VanDyke said the goals of the client include understanding their target audience and reasons why this audience attends movies and particular movie theaters, the scope of the audience's awareness and opinions of Alamo Drafthouse Cinema, and how the audience uses media.

"The Alamo team, including Triple Tap Ventures and The Owen Group, has been generous and involved in the work students are doing," Gardner said. "It's always a pleasure to work with a client who sees the value in what you're doing and wants to contribute."


Career Development Conference
video by Ben Jarvis

Get an insight into what students were able to do during the 2014 Career Development Conference in Dallas on Jan. 7, 2014.


Ben Jarvis' Internship with the National Association of Television Program Executives
by Alicia Thomas, photos courtesy Ben Jarvis

Ben Jarvis, senior media strategies major, attended the National Association of Television Program Executives conference in Miami, Fla., Jan. 27-29.

As one of 40 interns selected from around the world, Jarvis was there to help the NATPE administration manage and run the conference. He said interns escorted VIPs, pointed attendees in the right direction, and passed out supplies.

Ben Jarvis and NATPE interns group photo on NATPE speaker stage.

Ben Jarvis and NATPE interns group photo on NATPE speaker stage.

"A lot of the times when you're doing these activities, you get to meet industry professionals from companies such as Discovery, YouTube, Google and Lionsgate," Jarvis said. "For example, I was handing out promotional bags, and I got to meet some professionals from Discovery, as well as a former YouTube employee who started his own company in media management."

Todd Chambers, Ph.D., and other professors have attended NATPE conferences throughout the years as part of a faculty fellowship program. He said he was excited to see students such as Jarvis getting involved because it's an exciting time for electronic media.

"For Ben to have had this experience is great," said Chambers, who wrote Jarvis' NATPE recommendation letter. "He really represents the type of student that we want here in the college. He's got entrepreneurial spirit, a creative eye, and he's just extremely talented. It's great to have him represent Texas Tech at the conference."

Jarvis said the NATPE conference was a forum for companies to buy and sell media. There were also daily panels where interns could attend and contribute to discussions with industry leaders.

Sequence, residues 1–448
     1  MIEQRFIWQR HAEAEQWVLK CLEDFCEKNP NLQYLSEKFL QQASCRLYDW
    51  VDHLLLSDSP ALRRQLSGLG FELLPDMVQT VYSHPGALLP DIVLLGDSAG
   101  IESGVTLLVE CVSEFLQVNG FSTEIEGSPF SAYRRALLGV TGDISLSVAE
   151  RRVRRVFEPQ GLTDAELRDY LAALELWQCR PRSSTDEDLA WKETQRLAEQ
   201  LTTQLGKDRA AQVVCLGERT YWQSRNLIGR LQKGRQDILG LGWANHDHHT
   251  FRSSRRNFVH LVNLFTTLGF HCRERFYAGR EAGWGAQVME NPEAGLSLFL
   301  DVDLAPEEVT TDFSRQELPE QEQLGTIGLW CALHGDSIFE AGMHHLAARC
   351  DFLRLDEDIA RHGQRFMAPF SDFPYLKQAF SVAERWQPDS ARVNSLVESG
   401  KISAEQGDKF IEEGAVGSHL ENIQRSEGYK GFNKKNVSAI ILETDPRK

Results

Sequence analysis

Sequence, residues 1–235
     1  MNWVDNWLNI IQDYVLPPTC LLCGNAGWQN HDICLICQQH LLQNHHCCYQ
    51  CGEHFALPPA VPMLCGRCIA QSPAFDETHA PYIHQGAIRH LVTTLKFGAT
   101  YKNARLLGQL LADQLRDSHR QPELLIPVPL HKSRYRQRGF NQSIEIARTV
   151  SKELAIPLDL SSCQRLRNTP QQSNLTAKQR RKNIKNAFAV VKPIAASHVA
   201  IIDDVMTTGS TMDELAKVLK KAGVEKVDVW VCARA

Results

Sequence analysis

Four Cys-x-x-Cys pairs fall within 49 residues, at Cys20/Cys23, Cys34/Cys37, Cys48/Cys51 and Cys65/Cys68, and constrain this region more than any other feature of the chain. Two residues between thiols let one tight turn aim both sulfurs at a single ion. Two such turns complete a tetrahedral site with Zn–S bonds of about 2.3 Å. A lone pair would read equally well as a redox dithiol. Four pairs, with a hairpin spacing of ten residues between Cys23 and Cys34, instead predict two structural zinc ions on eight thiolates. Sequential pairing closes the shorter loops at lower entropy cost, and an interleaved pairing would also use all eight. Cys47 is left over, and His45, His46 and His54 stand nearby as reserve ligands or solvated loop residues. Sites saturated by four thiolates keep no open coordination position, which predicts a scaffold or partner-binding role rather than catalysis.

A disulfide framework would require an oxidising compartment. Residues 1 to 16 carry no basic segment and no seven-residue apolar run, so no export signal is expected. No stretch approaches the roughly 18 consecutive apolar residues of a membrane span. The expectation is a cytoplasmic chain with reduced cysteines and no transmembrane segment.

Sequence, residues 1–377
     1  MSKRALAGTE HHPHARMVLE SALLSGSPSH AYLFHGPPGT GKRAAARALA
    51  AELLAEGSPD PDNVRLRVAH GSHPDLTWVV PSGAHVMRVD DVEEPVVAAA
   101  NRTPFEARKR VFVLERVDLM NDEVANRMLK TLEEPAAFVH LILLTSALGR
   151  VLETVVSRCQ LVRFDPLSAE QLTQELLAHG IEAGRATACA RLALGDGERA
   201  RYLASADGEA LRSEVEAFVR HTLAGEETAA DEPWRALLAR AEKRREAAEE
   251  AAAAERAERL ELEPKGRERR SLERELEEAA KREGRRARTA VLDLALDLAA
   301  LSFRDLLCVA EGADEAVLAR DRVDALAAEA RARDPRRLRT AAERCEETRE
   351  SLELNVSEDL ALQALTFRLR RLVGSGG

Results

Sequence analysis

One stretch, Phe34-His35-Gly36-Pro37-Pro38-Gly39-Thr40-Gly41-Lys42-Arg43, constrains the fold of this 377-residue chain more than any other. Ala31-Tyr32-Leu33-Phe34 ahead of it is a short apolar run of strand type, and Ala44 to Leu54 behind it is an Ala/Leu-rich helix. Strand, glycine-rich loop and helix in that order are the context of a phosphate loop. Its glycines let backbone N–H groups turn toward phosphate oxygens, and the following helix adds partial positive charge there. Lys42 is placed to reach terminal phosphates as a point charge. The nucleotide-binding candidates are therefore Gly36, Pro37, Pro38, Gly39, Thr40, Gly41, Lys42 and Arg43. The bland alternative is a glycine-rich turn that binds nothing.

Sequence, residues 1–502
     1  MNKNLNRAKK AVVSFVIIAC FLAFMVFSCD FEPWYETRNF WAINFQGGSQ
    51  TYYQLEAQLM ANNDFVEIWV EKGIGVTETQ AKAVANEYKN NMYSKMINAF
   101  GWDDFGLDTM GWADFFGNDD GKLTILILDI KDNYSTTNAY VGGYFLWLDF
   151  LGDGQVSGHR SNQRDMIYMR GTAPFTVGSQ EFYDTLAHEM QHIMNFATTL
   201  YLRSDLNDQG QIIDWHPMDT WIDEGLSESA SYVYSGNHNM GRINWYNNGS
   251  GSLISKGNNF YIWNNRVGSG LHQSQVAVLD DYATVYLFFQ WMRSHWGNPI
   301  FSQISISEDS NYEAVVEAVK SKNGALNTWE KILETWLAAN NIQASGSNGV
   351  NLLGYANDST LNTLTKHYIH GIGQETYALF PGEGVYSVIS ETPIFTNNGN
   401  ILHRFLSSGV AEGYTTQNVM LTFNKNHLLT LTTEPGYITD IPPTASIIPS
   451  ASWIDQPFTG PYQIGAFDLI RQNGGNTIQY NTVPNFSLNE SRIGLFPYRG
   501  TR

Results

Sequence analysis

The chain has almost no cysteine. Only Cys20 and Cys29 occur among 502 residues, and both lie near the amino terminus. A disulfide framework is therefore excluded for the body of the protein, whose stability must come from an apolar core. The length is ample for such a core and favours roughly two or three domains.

At one of the panels discussing industry research and mobile devices, Jarvis said he spoke with a panelist about consumer television watching. Jarvis, who had just taken Research Methods, explained what he learned in the course regarding television-viewing habits. He said this conversation was a really memorable moment and he enjoyed exchanging the information.

Ben Jarvis with the creator of Boardwalk Empire and writer of The Wolf of Wall Street, Terence Winter.

Ben Jarvis with the creator of Boardwalk Empire and writer of The Wolf of Wall Street, Terence Winter.

"Another takeaway was learning that the entire media industry is shrinking, not from a scale perspective, but globally," Jarvis said. "There was a plethora of countries at NATPE, and it was amazing to see how many of these countries were there buying and selling the same types of media or making similar deals with television studios."

At the end of each day, interns were invited to attend some type of after-party where they could meet network professionals, exchange business cards, and further their connections. Jarvis said in addition to these meetings, there were multiple Facebook Intern Alumni groups with which to continue networking opportunities.

"I've reached out to a few people I met at NATPE," Jarvis said. "I hope to continue discussions with them, whether from a research perspective or an actual production standpoint."

Jarvis was recommended to apply for this weeklong internship by a classmate and former NATPE intern, Taylor Shofner. Jarvis said he was surprised how few students apply for this opportunity because he thinks "...it's the most exciting thing you can do in your undergraduate career."

"I think every major within our college would benefit from attending NATPE," Jarvis said. "The media industry is shrinking and it's becoming international. Everyone is a part. You need to know what's going on in each section of media to stay ahead, to put yourself and your company ahead of everyone else."


Minute to Mentor: Liz Gardner, Ph.D.
video by Ben Jarvis

Liz Gardner, Ph.D., takes a minute to provide some tips to help you stay ahead of the game.